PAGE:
|WITH THE RELEASE OF DAoC comes an opportunity to put the worlds of Norrath, Asherons Call and Baldurs Gate aside. Now you can adventure in a world which has evolved from a myriad of myths, legends and actual locales set in the Dark Ages of historic Europe. This may prove to be a great draw-card for many MMORP gamers out there looking for just the right blend of reality and fantasy. DAoC definitely offers the avid online adventurer this and much more.
Graphically DAoC is pure eye-candy. If you’re into graphically appealing games, DAoC wont let you down. The eye-catching detail of Tir Na Nog is one example of some great handiwork by the lads at Mythic. Stimulating colours, extremely detailed buildings, textures and surroundings makes DAoC a very attractive game for those of you looking for something that ‘looks good’. The sound effects are great and the background music definitely sounds ‘crisp’ and clearer than the usual low detail formats used in other games. Technically, it’s important to note that if you’re thinking of running this game on a minimum spec machine, think twice. I would strongly recommend this game to be played on at least an 800mhz processor or better.
The game-play and layout of DAoC can be summed up as being somewhat similar to what other RPG games have to offer. There are three main realms that make up the world of DAoC: Albion, Hibernia and Midgard. Each realm offers distinctive new character types, classes and races. Albion is the home of Arthurian Legend, the wondrous Camelot and Avalon and therefore characters created here are predominately humanoid. Hibernia is the realm of Magic, Elves, Firbolg and Lurikeen whilst Midgard is home to the Norsemen, Dwarves, Trolls and Kobolds. Within each realm you have the choice of becoming a magic-user, warrior type, healer or rogue with differing professions or ‘paths’ to choose from as you progress in level. Sound familiar? Read on…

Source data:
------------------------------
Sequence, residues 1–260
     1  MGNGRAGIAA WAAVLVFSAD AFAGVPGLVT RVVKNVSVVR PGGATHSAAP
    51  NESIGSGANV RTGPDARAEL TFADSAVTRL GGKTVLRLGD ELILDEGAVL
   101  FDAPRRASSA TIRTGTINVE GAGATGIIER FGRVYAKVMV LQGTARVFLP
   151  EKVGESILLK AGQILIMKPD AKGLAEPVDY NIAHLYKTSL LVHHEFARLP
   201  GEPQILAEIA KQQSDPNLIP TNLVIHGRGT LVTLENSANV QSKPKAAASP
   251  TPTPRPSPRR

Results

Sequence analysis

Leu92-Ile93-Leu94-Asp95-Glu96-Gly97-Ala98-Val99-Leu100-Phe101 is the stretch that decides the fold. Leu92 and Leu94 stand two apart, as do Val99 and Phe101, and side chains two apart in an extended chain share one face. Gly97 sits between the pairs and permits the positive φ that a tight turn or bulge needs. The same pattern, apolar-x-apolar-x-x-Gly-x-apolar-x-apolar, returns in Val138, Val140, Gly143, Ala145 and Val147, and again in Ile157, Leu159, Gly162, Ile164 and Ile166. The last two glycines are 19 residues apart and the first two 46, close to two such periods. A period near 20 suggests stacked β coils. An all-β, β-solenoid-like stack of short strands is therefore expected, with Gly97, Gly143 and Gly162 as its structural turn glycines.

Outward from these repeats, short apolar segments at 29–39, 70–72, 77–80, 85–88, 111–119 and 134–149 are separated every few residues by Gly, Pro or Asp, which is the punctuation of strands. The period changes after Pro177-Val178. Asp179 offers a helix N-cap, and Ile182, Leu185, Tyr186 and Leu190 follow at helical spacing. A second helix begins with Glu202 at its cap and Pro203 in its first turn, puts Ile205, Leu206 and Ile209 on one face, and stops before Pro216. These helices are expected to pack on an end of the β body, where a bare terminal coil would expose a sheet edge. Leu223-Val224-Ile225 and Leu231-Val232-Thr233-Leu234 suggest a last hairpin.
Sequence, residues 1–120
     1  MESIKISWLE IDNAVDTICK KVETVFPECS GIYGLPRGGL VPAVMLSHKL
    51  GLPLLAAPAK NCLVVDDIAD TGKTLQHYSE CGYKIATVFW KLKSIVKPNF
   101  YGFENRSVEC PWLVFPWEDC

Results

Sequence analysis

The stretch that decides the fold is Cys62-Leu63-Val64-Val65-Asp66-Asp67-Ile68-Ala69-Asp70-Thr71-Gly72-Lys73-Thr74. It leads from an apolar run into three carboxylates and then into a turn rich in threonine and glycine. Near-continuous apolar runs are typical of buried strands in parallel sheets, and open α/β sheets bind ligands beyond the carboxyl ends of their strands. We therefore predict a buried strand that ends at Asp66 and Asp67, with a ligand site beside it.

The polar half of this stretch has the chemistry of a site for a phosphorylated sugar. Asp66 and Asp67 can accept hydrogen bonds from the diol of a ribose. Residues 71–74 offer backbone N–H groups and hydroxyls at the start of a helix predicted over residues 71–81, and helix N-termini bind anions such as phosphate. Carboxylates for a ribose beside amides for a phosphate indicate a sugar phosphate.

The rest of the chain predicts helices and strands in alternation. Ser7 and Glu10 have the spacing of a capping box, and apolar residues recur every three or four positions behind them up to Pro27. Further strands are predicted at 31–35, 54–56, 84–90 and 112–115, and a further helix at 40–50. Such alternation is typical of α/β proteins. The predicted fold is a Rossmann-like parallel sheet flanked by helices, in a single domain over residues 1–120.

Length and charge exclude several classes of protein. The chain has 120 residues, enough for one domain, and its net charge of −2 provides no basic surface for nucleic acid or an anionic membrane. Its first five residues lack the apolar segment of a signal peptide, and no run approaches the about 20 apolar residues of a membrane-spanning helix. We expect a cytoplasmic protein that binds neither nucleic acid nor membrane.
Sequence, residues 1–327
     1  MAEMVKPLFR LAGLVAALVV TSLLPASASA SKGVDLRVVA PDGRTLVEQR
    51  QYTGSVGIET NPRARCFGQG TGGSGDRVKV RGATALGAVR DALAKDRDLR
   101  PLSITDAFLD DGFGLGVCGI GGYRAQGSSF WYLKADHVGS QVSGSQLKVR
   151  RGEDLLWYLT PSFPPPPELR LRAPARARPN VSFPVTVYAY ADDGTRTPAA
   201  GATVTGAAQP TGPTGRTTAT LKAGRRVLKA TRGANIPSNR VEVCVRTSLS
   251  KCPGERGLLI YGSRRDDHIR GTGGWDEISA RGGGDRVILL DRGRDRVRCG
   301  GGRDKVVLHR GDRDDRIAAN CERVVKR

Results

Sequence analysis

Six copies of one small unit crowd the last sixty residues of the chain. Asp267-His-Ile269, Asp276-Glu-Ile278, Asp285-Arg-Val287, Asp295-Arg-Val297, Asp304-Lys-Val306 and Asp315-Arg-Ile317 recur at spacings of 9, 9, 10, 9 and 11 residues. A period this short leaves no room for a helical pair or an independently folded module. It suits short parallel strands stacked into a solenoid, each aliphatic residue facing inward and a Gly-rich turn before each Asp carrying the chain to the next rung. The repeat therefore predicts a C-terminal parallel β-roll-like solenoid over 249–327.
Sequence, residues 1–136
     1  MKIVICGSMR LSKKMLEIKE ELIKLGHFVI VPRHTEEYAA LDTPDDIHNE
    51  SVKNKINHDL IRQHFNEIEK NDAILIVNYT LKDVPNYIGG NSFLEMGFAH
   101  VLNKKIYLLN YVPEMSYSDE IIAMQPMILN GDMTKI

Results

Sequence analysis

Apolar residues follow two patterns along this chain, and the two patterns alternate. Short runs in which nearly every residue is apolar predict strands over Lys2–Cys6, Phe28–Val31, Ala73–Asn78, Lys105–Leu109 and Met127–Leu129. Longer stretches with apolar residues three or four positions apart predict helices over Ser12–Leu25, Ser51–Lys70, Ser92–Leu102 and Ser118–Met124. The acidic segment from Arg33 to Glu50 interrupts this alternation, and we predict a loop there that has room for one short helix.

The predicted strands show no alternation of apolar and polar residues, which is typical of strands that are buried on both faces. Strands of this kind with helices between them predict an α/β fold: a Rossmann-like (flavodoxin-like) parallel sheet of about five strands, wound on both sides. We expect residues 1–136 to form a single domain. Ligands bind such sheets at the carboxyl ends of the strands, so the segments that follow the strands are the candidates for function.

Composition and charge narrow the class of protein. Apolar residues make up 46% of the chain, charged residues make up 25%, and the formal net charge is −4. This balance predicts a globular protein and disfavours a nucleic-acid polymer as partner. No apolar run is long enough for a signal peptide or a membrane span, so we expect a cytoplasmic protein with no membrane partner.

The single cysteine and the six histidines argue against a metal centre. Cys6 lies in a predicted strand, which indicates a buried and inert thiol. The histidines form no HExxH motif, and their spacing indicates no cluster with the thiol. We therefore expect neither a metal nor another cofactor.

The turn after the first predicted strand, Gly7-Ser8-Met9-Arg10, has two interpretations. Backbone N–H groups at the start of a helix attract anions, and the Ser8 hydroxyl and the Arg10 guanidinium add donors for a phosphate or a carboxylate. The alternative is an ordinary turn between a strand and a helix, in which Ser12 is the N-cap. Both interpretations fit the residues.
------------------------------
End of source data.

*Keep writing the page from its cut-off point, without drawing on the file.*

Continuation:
Character creation is simple. The only problem with creating characters is the fact that once you have chosen a particular realm to play in, you can’t choose a different realm for a different character. If you decide to create an Elvin Mage for example hailing from Hibernia, you will not be able to create a Norseman from Midgard or a Human Knight from Albion. You are restricted to choose characters from one realm per server. This is to support Mythic’s attempt to keep each realm distinctive from each other, thereby expanding the ‘realm vs. realm’ portion of the game-play.
Certain facets of the game-play in DAoC are distinctly more refined - for example Guild creation. Want to create a Guild? No problem; just visit the local Guild Registrar. Guilds can be created within the game. Another really nice touch worth a mention is the nifty introduction of the Guild Emblem. Once you have started or created a Guild and your members have attained a certain level, a 'Guild Emblem' may then be chosen by the Guild Leader. This guild insignia is then emblazoned upon items of clothing (cloaks and shields) worn by the guild's members. And if hacking and slashing away at mobs isn’t really your cup of tea, DAoC has integrated a very detailed questing system for those gamers who enjoy the adventure but are not too keen on the ‘killing to level’ aspect of most RPG’s. In support of this Mythic have opted to include a journal for adventurers, which updates as you progress through your quests. For the traveller in us all, Mythic have come up with the gem of all gems – access to Horses in the game. No need to worry about hiring a Druid to port you somewhere, visit the local Stable Master in town and you can purchase yourself a ticket to ride to the nearest town – nifty and cheap. Mythic have managed to combine elements missing from other games into one to bring you an online adventuring experience with an edge.